Anti-Personnel Mine Ban Convention (APMBC)



Even though Protocol II to the Convention on Certain Conventional Weapons (CCW) was amended in 1996 to deal with landmines, it did not ban the “production” and “stockpiling” of landmines, and only placed tighter controls on their “use” and “transfer.” Thus, it could not be considered a comprehensive ban. Given that this partial prohibition did not essentially resolve the problem of landmines, a process was commenced for the creation of a treaty banning anti-personnel landmines via cooperation between NGOs and like-minded countries. The Treaty was produced through what became known as the “Ottawa Process,” which originated out of an international meeting convened by the Canadian government in October 1996.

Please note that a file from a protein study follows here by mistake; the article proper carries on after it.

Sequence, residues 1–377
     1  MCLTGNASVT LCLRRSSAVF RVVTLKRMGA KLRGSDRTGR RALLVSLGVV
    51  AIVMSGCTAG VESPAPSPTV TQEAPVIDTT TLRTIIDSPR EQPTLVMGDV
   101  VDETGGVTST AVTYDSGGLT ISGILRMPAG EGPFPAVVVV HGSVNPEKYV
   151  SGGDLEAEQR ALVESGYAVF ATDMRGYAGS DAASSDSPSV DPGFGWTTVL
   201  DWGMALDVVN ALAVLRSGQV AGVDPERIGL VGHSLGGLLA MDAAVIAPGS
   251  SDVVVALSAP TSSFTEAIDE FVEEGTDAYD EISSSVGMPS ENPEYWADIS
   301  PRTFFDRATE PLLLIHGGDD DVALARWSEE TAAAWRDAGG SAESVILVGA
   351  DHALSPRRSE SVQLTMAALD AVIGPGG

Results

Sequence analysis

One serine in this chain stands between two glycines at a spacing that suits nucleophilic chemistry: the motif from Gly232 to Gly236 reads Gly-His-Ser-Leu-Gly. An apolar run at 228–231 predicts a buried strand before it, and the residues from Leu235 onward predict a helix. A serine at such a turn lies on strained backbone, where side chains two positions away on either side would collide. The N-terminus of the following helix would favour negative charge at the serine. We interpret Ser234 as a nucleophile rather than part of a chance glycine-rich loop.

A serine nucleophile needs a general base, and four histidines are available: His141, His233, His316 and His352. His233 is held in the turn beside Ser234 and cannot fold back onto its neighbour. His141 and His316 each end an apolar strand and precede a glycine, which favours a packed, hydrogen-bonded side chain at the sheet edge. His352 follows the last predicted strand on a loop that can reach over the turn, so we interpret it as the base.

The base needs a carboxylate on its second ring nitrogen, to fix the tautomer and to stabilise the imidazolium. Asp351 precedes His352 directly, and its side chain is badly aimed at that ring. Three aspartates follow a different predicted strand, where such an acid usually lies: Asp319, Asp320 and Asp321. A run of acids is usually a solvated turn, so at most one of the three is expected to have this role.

The Anti-Personnel Mine Ban Convention (APMBC) was adopted on 18 September 1997 and opened for signature on 3 December 1997. It entered into force on 30 September 1999.
Japan signed it on 3 December 1997 and ratified it on 30 September 1998. 

States Parties

162 countries are states parties to the Convention (April 2017)


The APMBC completely bans the use, stockpiling, production and transfer of anti-personnel landmines. It also obligates states parties to destroy all stockpiles of landmines within four years and to clear all mined-areas within ten years of theTreaty ratification.  
Provisions are also stipulated to international cooperation and assistance for clearance and victim assistance.